our last payment for Chinese tuition

How hard is it to learn a second language?

You all know that I’m big on language.

You may also know that both of my kids have been studying in international school and unfortunately, making this school choice means their Chinese has a lot of catching up to do.

In the past, I’ve sent them to language centres and hired private tutors in various styles. Last summer, I even accompanied them to Taipei to learn Chinese at an immersive programme for a month.

The result? While the immersive course was great and nothing can compare with the experience in terms of effectiveness, it’s temporary and I cannot afford to let my kids stay there longer than the summer holiday. As for the regular lessons, they were full of ups and downs. Normally they all look promising at the beginning, but as time goes by, the progress would stagger and I could tell it’s time to move on.

Last year, Hillary, my daughter, joined a young entrepreneur competition and surprisingly, the business idea she came up with was specifically designed to solve this vary problem. (I guess she was quite frustrated by such learning experience herself.)

MinorMynas was born out of this context. While I don’t intend to spell out the details here, you are more than welcome to check it out – http://minormynas.com. In the past month, Hillary and I have been working diligently to research, brainstorm and finally decide the best framework for MinorMynas to adopt as we would really want to provide the most effective and yet convenient and fun language learning experience for all kids.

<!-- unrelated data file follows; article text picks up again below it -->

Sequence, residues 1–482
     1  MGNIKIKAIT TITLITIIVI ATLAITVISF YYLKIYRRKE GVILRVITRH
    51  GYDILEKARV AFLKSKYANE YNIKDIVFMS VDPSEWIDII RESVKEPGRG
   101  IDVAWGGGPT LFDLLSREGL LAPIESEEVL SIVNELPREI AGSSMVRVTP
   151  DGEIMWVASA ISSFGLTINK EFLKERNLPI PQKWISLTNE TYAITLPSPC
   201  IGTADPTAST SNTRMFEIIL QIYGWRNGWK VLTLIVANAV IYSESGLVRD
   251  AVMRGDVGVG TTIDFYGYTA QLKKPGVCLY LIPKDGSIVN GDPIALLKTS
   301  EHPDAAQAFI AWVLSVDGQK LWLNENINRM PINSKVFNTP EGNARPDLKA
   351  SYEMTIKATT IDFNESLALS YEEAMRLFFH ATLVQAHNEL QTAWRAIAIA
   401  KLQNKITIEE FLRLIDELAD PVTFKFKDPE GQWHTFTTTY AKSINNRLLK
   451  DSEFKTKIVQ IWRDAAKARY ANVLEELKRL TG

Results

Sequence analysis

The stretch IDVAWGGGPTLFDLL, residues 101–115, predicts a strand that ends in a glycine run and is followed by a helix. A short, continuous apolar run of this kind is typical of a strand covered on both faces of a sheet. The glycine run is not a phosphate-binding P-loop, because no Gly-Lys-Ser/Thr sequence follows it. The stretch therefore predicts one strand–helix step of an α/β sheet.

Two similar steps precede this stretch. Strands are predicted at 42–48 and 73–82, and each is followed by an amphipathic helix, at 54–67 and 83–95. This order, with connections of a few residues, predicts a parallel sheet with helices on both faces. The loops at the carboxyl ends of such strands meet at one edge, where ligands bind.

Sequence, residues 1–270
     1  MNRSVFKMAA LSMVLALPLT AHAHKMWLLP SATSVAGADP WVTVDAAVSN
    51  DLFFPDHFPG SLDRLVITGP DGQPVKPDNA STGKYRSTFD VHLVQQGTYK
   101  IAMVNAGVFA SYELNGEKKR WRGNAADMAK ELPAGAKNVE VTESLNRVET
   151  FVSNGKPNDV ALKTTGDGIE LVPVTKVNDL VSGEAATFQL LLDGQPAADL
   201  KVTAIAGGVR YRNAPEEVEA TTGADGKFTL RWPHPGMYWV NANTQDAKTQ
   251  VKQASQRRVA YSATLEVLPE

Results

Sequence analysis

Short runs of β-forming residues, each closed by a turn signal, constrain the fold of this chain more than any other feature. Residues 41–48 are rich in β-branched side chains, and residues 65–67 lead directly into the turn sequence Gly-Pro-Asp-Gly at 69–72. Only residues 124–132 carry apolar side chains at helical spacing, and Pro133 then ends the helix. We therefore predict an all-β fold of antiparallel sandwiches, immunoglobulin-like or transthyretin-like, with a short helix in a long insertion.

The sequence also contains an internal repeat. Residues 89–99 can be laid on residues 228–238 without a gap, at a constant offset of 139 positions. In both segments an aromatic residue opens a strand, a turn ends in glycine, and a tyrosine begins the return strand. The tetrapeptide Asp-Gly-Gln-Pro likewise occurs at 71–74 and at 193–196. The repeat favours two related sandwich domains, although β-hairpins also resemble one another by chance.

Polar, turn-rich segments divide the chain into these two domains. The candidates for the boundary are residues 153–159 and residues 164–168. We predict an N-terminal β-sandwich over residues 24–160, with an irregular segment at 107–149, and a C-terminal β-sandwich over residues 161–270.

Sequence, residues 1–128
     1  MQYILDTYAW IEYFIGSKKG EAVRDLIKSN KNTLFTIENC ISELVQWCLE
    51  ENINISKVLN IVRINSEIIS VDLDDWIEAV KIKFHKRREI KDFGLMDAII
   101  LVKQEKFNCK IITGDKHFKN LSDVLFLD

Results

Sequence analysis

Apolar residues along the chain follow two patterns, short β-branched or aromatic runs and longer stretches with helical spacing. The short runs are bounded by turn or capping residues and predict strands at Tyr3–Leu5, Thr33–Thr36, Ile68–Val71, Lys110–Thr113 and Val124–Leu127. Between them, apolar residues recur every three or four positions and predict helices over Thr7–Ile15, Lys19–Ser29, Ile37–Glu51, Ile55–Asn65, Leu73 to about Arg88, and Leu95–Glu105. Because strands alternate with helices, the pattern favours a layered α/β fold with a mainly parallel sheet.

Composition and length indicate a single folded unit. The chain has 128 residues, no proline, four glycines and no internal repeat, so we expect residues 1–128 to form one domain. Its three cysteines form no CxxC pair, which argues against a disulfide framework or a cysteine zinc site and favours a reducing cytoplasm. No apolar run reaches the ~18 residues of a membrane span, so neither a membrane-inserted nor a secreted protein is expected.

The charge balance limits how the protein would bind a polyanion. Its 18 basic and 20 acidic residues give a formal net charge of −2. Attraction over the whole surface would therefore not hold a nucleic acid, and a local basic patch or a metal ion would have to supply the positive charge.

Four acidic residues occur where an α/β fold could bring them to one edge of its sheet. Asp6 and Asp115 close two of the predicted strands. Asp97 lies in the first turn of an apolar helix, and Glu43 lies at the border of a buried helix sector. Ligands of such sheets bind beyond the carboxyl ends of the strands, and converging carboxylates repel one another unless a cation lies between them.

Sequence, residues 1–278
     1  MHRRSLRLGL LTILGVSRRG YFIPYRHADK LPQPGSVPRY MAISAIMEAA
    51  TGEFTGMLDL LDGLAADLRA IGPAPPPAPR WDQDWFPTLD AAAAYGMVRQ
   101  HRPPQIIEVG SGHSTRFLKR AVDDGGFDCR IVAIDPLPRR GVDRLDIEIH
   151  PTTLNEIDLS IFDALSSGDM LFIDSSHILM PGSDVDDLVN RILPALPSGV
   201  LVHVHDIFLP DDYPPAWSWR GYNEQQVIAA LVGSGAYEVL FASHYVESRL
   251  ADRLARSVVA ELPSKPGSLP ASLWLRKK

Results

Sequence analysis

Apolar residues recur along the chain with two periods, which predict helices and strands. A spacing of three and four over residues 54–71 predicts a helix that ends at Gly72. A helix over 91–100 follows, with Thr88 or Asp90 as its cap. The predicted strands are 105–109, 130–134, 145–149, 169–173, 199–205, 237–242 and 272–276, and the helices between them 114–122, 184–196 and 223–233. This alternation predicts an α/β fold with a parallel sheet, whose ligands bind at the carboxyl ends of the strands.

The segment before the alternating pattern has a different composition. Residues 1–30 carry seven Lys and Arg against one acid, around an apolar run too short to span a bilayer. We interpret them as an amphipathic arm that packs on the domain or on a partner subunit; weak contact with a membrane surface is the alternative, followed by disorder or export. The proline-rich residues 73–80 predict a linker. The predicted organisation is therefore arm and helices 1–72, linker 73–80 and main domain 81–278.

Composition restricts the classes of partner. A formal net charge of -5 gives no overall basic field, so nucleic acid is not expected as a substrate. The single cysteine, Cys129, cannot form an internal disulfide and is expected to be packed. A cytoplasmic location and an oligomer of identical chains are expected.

And here I am, paying the LAST Chinese private tuition fees today. Starting from now, I will go through the Chinese learning journey with my kids in the MinorMynas way. I publicly say this out loud so that I would hold myself accountable. I plan to report to you from time to time about the progress and whenever I find any learning points which would be useful for you.

Our aim for this experiment is three-fold:

  1. Achieve fluency in Chinese in less than a year (our definition of fluency: can speak like a native in Cantonese – they still struggle to find the right words at present and read a simple Chinese book on their own with full comprehension).
  2. Learn as much as we can during the process to educate the design of MinorMynas
  3. Launch MinorMynas shortly providing the best online language learning platform for all children

Wish us luck!

~ Joey

Also published on Medium.

Comments 2

  1. Hi, I’m a 17 year old Malaysian now living and studying in Australia. I’m not of “Chinese” descent, but all my life I have been surrounded by Malaysian Chinese friends and I grew up watching a lot of Chinese tv dramas (by reading subtitles either in Malay language or English). I have always been wanting to learn Chinese but have always struggled with it.
    I guess my question now is, how safe is MinorMynas? How do I know whether the person I’m chatting with is truly a kid/teenager and not an online predator? I would really like to try Minormynas but I’m wary of the dangers in the online world when it comes to direct social interaction. (this probably won’t apply to a 12 year old kid, since kids around the same age would surely look like kids on video. but for older teenagers like me, someone who’s 27 and looks young could probably pose as a 17 year old online ?)


    1. Post

      Hi Aishah,
      Your concern is well noted and it is shared by many too. At the moment, MinorMynas is self-governed which means the users will report those who they suspect are not kids under 18. We will respond by asking the parent to provide proof of identity and if we share the same suspicion, we will inactive the account.
      In the second phase of MinorMynas, which is now being built, more advanced security measures will be in place as we really want to provide the safest platform for kids to communicate with each other.

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